For 4 years, I worked under Dr. McLachlin and with young specialists as they returned to London to build the Department of Surgery at UWO. They included Dr. Charles Drake – Neurosurgery; Dr. John C. Kennedy – Orthopedics; Dr. John Coles – Cardiovascular; Dr. Robert McFarlane – Plastic; Dr. Lloyd McAninch – Urology. All of these legends in surgery had an impact on my career, especially Dr. Lloyd McAninch.
Next came 2 years of Residency Training in Urology at the University of Toronto under Dr. David Mitchell, Dr. Carl Aberhart, Dr. Charles Robson, and Dr. William Kerr, all renowned Urologists. After Residency Training, a McLaughlin Traveling Fellowship allowed me to work with Dr. Wyland Leadbetter, Dr. Victor Marshall, Dr. William Wallace Scott, and Dr. Albert Pacquin. With such broad, long training, I returned to London feeling like a surgical robot.
For the next 38 years, I had a large practice. As an Associate Professor at UWO, I helped train about 50 young Urologists. Most appreciated and responded to my tough approach to teaching, which I had learned from the Legends in Urology and Surgery mentioned. I enjoyed teaching Percutaneous Nephrolithotripsy and Ureteroscopy, which I brought to London and made St. Joseph’s Hospital the stone centre for London and District. The Extracorporeal Lithotriptor followed.
Beyond the success of my career, I had begun to enjoy even greater satisfaction volunteering to participate in organized Urology. In 1983, I was elected Secretary of the Northeastern Section of the American Urological Association (NS-AUA). The Section was so short of funds, it was difficult to plan the annual meeting. So my thoughts turned to raising money and partnering with our industry friends to establish financial security for the organization. As President of the NS-AUA in 1988, I raised $30,000, and the annual meeting in Montreal was a scientific, financial, and social success.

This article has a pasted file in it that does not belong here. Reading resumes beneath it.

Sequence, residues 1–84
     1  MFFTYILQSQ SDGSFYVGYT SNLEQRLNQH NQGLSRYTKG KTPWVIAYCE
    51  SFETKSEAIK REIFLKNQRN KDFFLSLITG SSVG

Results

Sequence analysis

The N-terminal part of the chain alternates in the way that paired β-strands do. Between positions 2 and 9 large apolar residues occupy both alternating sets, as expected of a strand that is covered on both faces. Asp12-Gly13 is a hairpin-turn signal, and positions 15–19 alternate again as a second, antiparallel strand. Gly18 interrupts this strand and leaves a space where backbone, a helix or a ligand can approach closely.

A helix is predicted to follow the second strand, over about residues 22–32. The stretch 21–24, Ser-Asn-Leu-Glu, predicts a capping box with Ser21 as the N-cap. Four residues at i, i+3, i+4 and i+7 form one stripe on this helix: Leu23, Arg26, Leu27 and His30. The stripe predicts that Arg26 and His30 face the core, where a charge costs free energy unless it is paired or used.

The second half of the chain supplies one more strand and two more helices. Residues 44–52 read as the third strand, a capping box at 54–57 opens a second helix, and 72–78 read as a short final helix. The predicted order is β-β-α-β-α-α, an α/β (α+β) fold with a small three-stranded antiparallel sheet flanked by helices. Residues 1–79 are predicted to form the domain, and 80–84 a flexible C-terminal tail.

Through the attendance at the Quebec Urological Association (AUQ) meeting, I met Dr. Normand Sullivan, President and premier fund-raiser for the AUQ. The next year, we decided to work as a team to raise money for the NS-AUA, not only for general use to improve the annual meeting, but also to secure funds for research and education programs. With Searle-Canada and Searle-USA, we established the Research and Education Fund. Dr. Anthony Passaretti and Dr. Datta Wagle joined our Development Committee team.
By 1998, when Dr. Alvaro Morales was President of the NS-AUA for its 50th Anniversary year, we began giving scholarships to young Urologists. Since then, 20 scholarships have been awarded to young Urologists to further their research, education, and academic careers. Dr. Wagle has taken the Research and Education Fund to a level higher than I ever dreamed possible. It is now the NS-AUA Scholarship Foundation, the only one established by a Section of the AUA. Dr. Sullivan and I each earned the NS-AUA’s Distinguished Service Award, an honor conferred upon only eight individuals from 1948–2008.